An ice-cold bucket for the #workloadchallenge

I know a teacher.  You’ll know her too, or someone very similar to her. She works hard; she does not have her work in balance with her life; she loves her job; she is bloody good at it. Know the one? Apparently the DfE doesn’t,  or they wouldn’t be insulting her with their disingenuous promises on workload.
How best to describe this teacher? In her 3rd year of teaching, she has no paid responsibilities beyond her classroom, she is not on UPR, she is mainscale in old money. As such, she teaches 25 of 30 lessons across Key Stages 3, 4 and 5. She has a form whom she cares for as individuals,  calling their mums, addressing their worries. She had parents’ evening last week, one of the 6 she will attend this year. She has a ‘data entry window’ to meet by Thursday – as she does every half term for every class she teaches. I’ve lost count of the number of GCSE revision sessions she helps run each week (it would be more, but for the staff development time that’s also on the school calendar. ) Speaking of which, she volunteers to lead development for other colleagues,  and if there is a whole-school drive to improve differentiation,  or literacy, or AfL… there she is at the vanguard of it. Naturally she is also a student teacher mentor. If I haven’t managed to plan my lesson properly, I can always look on the shared drive; there I will find a resource,  replete with lesson plan.
As I say,  I reckon she loves her job. I do wonder what she must have made of Nicky Morgan’s pre-election grab for the teacher vote. I suppose she will be relieved that there will be no in-term announcements of further curriculum change (and think to herself,  Was it not this very government that have been doing just that? ) She might also be surprised to receive sympathy from an Education department that scrapped the list of admin tasks that teachers could not be obliged to undertake. No more sudden moving of the Ofsted goalposts,  she hears them say. They, who have rewritten the handbook each year they have been in office. She would quite like to get on with planning the new A level syllabus,  but she is as we speak teaching the revised GCSE spec, which itself has only one year to run. The new National Curriculum is a bit of a bugger an’ all, but at least she can reinvent the assessment regime as she goes along.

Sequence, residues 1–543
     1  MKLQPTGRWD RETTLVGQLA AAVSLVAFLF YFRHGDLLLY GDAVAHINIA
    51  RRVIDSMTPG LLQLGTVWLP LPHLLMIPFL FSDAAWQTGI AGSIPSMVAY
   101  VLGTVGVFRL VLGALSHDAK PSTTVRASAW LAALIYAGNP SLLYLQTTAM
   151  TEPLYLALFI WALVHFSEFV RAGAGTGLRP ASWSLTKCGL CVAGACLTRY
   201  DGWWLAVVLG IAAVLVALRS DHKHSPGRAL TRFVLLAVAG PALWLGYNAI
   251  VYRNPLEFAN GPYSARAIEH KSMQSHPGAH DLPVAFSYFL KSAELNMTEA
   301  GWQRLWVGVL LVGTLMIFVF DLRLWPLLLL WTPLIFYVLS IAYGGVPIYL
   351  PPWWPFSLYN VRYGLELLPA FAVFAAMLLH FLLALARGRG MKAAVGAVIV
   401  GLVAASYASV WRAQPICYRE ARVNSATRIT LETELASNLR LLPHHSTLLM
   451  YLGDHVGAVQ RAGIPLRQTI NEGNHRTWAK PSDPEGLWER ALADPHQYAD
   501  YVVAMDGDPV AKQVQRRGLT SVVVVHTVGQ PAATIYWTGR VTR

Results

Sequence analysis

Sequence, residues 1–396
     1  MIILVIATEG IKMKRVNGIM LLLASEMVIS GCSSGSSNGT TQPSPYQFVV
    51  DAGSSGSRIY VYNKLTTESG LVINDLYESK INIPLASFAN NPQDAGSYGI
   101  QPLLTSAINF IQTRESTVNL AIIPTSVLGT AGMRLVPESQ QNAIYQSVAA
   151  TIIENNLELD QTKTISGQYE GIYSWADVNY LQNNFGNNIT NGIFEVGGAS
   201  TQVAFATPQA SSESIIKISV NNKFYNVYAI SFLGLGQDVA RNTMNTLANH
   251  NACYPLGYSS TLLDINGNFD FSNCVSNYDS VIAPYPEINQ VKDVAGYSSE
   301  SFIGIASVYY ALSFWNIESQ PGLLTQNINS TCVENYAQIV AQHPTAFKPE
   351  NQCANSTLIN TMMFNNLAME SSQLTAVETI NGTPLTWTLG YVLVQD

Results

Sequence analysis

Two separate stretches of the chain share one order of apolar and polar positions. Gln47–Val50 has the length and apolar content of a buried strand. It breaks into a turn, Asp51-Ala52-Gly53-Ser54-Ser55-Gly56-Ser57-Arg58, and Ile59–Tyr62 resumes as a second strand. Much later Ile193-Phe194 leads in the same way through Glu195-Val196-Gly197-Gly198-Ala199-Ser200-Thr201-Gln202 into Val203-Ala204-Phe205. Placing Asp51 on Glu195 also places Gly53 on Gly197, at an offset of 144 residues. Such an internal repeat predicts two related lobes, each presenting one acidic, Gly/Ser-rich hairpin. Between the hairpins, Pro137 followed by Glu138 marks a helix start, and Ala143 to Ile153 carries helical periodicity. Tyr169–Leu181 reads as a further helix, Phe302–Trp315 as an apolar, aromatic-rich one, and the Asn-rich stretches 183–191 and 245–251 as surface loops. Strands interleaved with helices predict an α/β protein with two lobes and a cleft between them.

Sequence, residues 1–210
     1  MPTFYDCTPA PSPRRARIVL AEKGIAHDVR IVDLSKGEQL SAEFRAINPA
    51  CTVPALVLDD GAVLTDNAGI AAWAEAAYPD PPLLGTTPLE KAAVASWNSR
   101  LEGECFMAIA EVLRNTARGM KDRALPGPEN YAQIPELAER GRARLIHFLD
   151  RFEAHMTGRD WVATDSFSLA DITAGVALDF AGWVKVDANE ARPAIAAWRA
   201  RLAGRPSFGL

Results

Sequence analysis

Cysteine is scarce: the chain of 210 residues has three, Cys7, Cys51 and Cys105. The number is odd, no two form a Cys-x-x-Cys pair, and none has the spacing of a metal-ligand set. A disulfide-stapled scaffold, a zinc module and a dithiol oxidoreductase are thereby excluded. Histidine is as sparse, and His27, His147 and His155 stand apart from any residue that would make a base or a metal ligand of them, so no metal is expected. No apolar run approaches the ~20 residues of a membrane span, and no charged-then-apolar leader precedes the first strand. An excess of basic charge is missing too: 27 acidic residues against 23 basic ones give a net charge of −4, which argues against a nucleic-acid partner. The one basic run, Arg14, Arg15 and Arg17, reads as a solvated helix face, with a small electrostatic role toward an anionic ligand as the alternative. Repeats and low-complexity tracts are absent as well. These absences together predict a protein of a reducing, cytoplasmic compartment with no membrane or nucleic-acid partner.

Have you met this friend of mine? You might recognise her by the slightly frazzled grin she gives you when you ask her if she’s had a nice weekend. There you go: my belated recommendation to the Department. Give my colleagues their weekends back.

6 thoughts on “An ice-cold bucket for the #workloadchallenge

  1. I am not sure whether to be proud or horrified! However, your blog confirms everything I knew already. I only have to listen to my daughter and her partner. I only have to look at how tired she gets and how difficult it is to spend quality time with her. P.S. You forgot to mention the GCSE marking she will be doing again this year in her spare time!!

    • It’s true, there are many further aspects of the job I could have mentioned, such as exam marking. For some, as they gain more experience, they learn to make choices which improve their work-life balance. But others quit before they ever get there. Some highly dedicated colleagues leave the classroom never to return.

    • Thanks for the comment. I had not appreciated until today that you were the mother of the subject of my blog! She and her partner indeed work exceptionally hard. I am the very lucky recipient of their guidance and – I shamefully admit – am also largely to blame for much of the extra stuff they do in terms of leading development of others. I am in awe of them both and you should be proud, as of course you are.

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